The 17th century Czech philosopher and writer, Jan Amos Komenský – known internationally as Comenius - is one of the best known Czechs of all time. He is most widely celebrated for his progressive and enlightened ideas about education that earned him the epithet “the Teacher of Nations”. But the many other aspects of his thinking - and he was indeed a prolific writer with some 250 books to his name – remain somewhat neglected. This is something that Benjamin Kuras has decided to try to put right, in a small but inspiring book that he has just written
Former dissident/playwright turned president Václav Havel remains one of the country’s most well-known and most respected figures, both at home and abroad, whose rise to office had the making of both fairy tale and absurdist drama. In the early ‘90s, Vanity Fair published a famous piece about Mr Havel as a president unlike any other: a man with a scooter to zip through the corridors of Prague Castle, a president who invited Frank Zappa to the capital, in short, a kind of head of state no one had seen before.
This week, Prague citizens have the rare opportunity to take a close look at and even leaf through a priceless medieval illustrated Bible. Not the original manuscript, of course, but a life-size colour replica of the 14th-century Velislav Picture Bible. The book, containing selected passages from the Bible along with two legends about the Bohemian patron saints Ludmila and Wenceslas, is one of the largest medieval pictorial books made in Central Europe.
Julek Neumann is currently appearing at Prague’s Divadlo Ypsilon in a Mark Twain play which he himself translated into Czech. The new production marks his return to the theatre’s stage after a gap of nearly two and a half decades. In between he lived in Vienna and then London, where he worked for the Czech section of the BBC World Service during what was a period of change. When I met Julek Neumann in a café in Dejvice the other evening he first told me a little about his family background.
It’s not the first place you might imagine a record-launch, but on Thursday evening, the Czech Embassy in London played host to the band British Sea Power - and provided a venue for the launch of their new single, Waving Flags. Before the concert on Thursday, I called the band’s lead singer, Scott Wilkinson, to ask about his choice of venue:
The club of modelers in the Moravian town of Vsetín goes back many years. Its members are exclusively men – in fact some of them claim that a woman would never have the patience to spend hundreds of hours gluing together tiny components in order to make a perfect replica of a plane, train or boat. Recently they had been producing and selling battery-powered airplane models that attracted kids from far and wide but they never dreamed that one day their hobby would lead them to make bigger and better things for Hollywood filmmakers.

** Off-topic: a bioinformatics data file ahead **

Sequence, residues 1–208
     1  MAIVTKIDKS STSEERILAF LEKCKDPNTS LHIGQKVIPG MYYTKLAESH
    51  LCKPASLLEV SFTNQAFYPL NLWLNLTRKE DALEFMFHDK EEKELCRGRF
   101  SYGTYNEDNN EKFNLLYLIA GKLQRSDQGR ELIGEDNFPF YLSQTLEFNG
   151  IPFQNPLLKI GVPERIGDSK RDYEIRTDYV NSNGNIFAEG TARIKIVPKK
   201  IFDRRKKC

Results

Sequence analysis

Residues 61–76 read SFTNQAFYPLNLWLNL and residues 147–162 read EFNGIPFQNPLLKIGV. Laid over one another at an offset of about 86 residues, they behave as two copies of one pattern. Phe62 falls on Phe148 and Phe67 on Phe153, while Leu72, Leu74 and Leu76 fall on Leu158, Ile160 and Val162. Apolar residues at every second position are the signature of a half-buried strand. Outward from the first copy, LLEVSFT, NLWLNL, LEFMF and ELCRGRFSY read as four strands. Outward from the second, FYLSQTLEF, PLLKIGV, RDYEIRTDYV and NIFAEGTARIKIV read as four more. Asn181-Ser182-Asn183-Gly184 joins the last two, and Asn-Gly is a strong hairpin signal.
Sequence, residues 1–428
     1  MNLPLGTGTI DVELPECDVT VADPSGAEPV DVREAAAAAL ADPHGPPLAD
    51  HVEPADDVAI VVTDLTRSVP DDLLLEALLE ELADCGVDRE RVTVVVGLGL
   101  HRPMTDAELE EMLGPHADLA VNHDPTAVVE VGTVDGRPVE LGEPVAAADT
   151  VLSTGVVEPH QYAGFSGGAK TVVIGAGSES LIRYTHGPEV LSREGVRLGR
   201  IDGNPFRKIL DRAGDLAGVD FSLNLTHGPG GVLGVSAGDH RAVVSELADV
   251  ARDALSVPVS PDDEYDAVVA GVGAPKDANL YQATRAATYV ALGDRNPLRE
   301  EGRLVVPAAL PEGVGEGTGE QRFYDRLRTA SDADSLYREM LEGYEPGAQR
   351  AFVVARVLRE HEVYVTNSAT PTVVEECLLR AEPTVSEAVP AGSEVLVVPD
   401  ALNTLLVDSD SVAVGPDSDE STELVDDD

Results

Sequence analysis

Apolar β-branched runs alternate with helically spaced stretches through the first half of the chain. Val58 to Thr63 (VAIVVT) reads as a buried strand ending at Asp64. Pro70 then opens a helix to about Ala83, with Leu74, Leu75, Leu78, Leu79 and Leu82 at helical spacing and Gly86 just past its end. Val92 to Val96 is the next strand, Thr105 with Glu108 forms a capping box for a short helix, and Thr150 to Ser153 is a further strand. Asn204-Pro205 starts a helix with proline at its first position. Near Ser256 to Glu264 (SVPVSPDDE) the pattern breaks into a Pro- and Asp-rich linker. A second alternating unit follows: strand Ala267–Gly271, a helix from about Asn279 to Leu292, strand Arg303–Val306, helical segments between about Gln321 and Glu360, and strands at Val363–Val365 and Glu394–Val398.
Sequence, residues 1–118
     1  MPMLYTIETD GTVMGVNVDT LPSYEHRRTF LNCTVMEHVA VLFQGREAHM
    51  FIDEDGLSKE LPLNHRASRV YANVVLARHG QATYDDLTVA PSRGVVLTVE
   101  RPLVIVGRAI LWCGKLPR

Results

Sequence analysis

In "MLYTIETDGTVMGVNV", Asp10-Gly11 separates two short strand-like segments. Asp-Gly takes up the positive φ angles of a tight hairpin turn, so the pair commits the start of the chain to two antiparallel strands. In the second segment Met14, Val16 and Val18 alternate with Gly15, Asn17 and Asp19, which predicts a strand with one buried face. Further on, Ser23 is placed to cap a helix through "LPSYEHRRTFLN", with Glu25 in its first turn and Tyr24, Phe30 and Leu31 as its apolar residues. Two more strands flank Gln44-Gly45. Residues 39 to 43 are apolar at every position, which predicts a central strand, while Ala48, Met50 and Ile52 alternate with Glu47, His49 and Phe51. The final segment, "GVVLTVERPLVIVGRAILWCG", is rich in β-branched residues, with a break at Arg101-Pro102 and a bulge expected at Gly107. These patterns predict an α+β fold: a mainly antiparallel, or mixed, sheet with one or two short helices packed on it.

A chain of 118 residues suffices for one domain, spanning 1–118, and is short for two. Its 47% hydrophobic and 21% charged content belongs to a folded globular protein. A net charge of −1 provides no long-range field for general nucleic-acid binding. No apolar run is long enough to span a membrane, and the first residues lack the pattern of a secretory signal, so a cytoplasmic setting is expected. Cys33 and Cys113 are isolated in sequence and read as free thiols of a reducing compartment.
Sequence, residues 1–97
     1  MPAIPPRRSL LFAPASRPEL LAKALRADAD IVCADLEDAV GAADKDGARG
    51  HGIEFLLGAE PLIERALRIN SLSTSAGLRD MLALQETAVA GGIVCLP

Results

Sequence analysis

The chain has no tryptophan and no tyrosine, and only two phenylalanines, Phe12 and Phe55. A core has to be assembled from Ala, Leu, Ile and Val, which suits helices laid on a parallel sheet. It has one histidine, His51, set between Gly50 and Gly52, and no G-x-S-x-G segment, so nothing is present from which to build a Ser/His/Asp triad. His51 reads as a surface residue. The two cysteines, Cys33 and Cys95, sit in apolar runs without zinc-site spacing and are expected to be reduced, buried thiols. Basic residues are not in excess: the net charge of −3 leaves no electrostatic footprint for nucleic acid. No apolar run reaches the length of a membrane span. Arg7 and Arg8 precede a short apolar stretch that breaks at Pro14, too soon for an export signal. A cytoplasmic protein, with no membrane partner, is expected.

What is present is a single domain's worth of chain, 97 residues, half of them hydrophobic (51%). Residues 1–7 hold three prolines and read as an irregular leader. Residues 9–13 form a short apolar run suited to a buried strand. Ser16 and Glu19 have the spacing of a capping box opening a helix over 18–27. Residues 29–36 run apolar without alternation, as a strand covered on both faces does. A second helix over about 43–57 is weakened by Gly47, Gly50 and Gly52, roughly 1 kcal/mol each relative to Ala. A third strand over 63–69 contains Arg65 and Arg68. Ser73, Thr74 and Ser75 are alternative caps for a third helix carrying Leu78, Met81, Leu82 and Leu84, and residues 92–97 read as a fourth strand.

Jan Saudek is one of the Czech Republic’s best-known photographers, whose work is instantly recognizable for his trademark use of coloration and scarred backdrops, his subjects sometimes intimate, sometimes provocative, nudes. Not long ago, Adolf Zika, a world-class fashion and artistic photographer in his own right, completed a feature film about Mr Saudek which has now hit Czech cinemas. Titled “Jan Saudek – Trapped by his Passions, No Hope for Rescue”, the film is an attempt to take a closer look at the man behind a very public persona: that
Bluegrass originates from the Appalachian region of the United States of America, and is a type of music as American as apple pie. But bluegrass enjoys a long and rich history in the Czech Republic too. Lee Bidgood is an ethnomusicologist at the University of Virginia - the cradle of bluegrass. For the past five years, he’s been looking at the way this music is performed in the Czech Republic:
The audiobook is enjoying record popularity around Europe at the moment - sales are thought to be rising by 15% on average each year. The growth of the medium might be slightly slower in the Czech Republic than say, in neighbouring Germany, but both publishers and booksellers here are getting in on the action. And an increasing number of Czech household names are stepping up to read from the Czech literary canon.
In this week’s Czech Books we look at what is, amazingly, the first anthology of contemporary Czech poetry to be published in English since the fall of the Berlin Wall. The anthology includes six contemporary poets, some of whom were writing under communism – either in exile or what might be termed internal exile. Others are much younger and have been published since the late 1990s. The anthology, called simply “Six Czech Poets”, was edited by Alexandra Büchler, who divides her time between Prague and the United Kingdom and has been responsible